Cotton Ready for Bounce?
After three straight down days, December cotton may be ready for a bounce, especially with the monthly USDA supply/demand report looming on Tuesday. The strong dollar does not bode well for US exports, and weak Chinese economic data raises concerns about demand. The Chinese yuan fell to a 16-year low against the dollar yesterday, which makes US cotton that much more expensive for Chinese buyers. The weekly US Drought Monitor, released yesterday, showed that approximately 44% of US cotton production was within an area experiencing drought as of Tuesday, up from 37% the previous week and the highest since April 4. The drought expanded in some major production areas in west Texas and the panhandle. The report also stated that for the past two months, temperatures have averaged 4 to 8 degrees Fahrenheit above normal across most of Texas and Louisiana and southern Mississippi, which covers a large swath of US cotton production area. Texas is expected to see some rain over the next 7 days, and the longer-term forecasts show above normal chances, but it is getting to be too late in the season for rain to do much good. For the USDA supply/demand report on Tuesday, the average trade expectation for US 2023/24 cotton production is 13.57 million bales versus 13.99 million in the August report.
A bullish supply outlook that threatens to extend into 2023/24 continues to support a long-term bull trend in cocoa, but the market may be vulnerable today given a large net long position held by the funds and a technically overbought condition, especially if the negative risk attitude overnight extends into the North American day session. Cameroon’s Cocoa and Coffee Board announced that their 2022/23 cocoa production came in at 262,112 tonnes, down from 295,164 in 2021/22 and below the International Cocoa Organization’s estimate of 290,000. Exports were down 18.4%. Ivory Coast has announced it will send a delegation to the European Commission in Brussels on September 11 to discuss ways for chocolate multinationals to bear the cost of the EU’s new regulations requiring cocoa purchased by EU companies to not be grown on deforested land. Ivory Coast stated that securing an agreement would be a condition for resuming 2023/24 forward sales and starting contracts for 2024/25.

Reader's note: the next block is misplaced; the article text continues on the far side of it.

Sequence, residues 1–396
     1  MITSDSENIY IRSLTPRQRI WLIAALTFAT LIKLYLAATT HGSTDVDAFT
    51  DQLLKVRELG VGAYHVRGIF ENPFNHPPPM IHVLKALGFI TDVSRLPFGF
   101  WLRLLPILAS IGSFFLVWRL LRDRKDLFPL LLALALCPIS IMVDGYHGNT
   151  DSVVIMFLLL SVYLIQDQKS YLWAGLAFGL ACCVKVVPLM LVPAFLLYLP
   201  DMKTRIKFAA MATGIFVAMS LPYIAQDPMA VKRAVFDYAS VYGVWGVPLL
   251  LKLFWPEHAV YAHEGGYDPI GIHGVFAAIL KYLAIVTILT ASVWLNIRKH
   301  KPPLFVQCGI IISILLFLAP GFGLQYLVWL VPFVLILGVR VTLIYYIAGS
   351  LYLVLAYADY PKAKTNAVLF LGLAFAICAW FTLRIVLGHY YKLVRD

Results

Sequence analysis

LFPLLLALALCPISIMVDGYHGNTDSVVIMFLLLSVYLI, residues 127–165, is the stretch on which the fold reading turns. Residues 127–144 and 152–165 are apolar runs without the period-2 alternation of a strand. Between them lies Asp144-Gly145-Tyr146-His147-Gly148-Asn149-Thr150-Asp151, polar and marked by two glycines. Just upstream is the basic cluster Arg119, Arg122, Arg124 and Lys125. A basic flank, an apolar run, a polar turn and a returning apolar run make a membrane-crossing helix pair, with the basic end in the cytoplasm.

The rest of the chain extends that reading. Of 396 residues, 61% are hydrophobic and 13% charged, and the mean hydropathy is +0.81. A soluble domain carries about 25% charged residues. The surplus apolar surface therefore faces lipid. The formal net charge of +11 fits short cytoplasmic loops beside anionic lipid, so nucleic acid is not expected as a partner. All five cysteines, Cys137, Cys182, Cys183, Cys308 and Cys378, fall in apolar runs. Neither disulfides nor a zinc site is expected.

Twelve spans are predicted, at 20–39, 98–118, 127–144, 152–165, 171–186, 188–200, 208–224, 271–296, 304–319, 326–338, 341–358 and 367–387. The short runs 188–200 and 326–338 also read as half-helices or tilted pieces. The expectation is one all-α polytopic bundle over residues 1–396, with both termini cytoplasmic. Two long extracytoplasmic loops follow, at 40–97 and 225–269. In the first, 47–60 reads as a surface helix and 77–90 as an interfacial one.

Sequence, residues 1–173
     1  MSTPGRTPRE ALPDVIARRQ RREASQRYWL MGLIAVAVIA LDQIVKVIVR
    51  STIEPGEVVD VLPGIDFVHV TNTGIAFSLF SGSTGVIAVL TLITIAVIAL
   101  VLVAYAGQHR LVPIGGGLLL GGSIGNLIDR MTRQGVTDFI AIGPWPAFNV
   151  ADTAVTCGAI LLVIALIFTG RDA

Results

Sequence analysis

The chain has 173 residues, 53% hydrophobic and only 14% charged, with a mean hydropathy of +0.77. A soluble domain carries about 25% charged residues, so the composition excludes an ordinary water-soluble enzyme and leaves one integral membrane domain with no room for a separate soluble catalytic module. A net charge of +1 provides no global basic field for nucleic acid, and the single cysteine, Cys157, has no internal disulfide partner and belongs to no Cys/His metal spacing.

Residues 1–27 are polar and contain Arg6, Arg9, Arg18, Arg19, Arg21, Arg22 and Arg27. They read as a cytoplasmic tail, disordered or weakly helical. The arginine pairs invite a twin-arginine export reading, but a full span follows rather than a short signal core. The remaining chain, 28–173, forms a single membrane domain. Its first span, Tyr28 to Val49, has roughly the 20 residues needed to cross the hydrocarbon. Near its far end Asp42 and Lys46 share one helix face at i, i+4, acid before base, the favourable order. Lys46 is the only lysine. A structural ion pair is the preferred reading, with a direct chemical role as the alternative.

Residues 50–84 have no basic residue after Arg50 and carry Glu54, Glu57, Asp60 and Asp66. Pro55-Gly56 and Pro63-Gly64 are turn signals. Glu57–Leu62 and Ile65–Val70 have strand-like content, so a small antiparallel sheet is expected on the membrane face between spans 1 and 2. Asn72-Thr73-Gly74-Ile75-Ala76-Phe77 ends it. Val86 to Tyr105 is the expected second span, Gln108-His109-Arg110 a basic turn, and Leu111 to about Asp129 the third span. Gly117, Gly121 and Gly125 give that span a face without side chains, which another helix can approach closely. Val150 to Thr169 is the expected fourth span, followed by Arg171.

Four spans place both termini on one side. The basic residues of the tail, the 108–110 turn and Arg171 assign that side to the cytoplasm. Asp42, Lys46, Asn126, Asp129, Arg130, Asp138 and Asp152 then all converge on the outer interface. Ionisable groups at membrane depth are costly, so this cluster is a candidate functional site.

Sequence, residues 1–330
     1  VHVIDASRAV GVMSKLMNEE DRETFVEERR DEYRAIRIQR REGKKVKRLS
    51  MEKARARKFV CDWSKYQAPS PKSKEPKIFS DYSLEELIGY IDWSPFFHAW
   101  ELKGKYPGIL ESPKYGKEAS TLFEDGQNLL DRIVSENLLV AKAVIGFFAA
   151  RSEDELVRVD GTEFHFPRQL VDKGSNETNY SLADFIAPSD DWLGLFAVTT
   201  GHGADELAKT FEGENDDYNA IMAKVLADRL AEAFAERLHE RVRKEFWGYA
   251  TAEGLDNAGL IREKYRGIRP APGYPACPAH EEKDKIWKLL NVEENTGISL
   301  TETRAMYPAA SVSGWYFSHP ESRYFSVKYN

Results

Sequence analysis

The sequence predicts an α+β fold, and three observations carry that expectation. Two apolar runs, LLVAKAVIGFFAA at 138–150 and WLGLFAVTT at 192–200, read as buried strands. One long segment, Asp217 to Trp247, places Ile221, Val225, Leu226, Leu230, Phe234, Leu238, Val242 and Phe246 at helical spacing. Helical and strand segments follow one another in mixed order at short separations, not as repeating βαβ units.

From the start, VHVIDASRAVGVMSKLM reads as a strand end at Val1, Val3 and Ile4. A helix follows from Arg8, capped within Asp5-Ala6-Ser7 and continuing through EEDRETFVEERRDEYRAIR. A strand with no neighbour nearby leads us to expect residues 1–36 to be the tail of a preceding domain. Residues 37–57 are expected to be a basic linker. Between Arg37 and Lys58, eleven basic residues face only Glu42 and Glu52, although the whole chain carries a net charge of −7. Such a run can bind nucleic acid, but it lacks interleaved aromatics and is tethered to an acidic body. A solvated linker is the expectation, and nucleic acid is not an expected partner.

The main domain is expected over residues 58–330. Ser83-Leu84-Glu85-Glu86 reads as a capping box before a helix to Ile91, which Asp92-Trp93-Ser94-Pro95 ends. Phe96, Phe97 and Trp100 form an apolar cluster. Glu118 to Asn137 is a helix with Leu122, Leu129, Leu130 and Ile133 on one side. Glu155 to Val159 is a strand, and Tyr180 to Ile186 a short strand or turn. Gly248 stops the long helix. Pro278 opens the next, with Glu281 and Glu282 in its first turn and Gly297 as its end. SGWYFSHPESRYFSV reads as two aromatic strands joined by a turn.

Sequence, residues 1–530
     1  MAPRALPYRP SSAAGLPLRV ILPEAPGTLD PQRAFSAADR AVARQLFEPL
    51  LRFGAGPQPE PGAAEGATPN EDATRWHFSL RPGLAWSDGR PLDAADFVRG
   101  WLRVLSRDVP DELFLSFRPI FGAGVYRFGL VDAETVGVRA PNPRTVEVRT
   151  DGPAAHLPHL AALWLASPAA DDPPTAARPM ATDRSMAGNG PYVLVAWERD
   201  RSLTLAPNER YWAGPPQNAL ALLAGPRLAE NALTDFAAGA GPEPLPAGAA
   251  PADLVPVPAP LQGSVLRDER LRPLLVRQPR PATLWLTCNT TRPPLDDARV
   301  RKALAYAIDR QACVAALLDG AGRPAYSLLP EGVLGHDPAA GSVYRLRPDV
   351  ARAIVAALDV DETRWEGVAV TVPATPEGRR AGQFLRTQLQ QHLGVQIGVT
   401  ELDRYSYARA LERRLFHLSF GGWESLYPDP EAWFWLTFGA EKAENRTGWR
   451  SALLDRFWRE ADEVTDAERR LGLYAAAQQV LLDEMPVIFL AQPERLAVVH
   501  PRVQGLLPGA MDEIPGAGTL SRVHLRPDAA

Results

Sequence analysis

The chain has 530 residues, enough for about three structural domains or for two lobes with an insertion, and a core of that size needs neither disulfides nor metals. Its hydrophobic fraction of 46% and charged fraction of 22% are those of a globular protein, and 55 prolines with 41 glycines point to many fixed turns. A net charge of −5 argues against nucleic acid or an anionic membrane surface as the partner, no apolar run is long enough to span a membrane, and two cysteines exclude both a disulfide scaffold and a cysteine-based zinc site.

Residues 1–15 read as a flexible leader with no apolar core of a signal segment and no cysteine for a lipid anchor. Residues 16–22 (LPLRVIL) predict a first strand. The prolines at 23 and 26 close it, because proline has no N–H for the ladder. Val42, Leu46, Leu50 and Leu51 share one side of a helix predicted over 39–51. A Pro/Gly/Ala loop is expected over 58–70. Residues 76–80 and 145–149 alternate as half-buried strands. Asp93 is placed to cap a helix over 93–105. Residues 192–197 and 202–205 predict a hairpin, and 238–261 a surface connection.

Coffee has seen choppy and volatile price action this month, as the market continues to have trouble sustaining a move in either direction. If global risk sentiment remains sluggish, prices could see a retest of their mid-August lows. Brazilian coffee exports are expected to increase over the next few months as this year’s Arabica crop moves to port facilities, and that continues to be a major source of pressure on the market. The International Coffee Organization reported that global Arabica exports totaled 6.220 million bags in July, a 6.5% decline from a year earlier. Cumulative exports for the 2022/23 marketing year (which started in October) were 10.3% behind the previous year. ICE exchange coffee stocks fell 9,508 bags on Thursday to their lowest level since November.
Sugar continues to draw support from bullish south Asian supply developments. Yesterday, a Bloomberg news story quoted an official at Thai Sugar Mills who stated that their nation’s 2023/24 sugar production could come in at 9 million tonnes, an 18% decline from 2022/23. India’s 2023 monsoon rainfall total so far is running 11% below their long-period average, which could negatively impact their next two cane crops. October sugar traded to a new contract high overnight, and the nearby contract is approaching the 12-year high from May. Czarnikow is projecting global sugar production to reach 177.9 million tonnes in 2023/24, which would be the second largest on record, but they also see global consumption at 179 million tonnes, an all-time high, which would result in a deficit of 1.1 million
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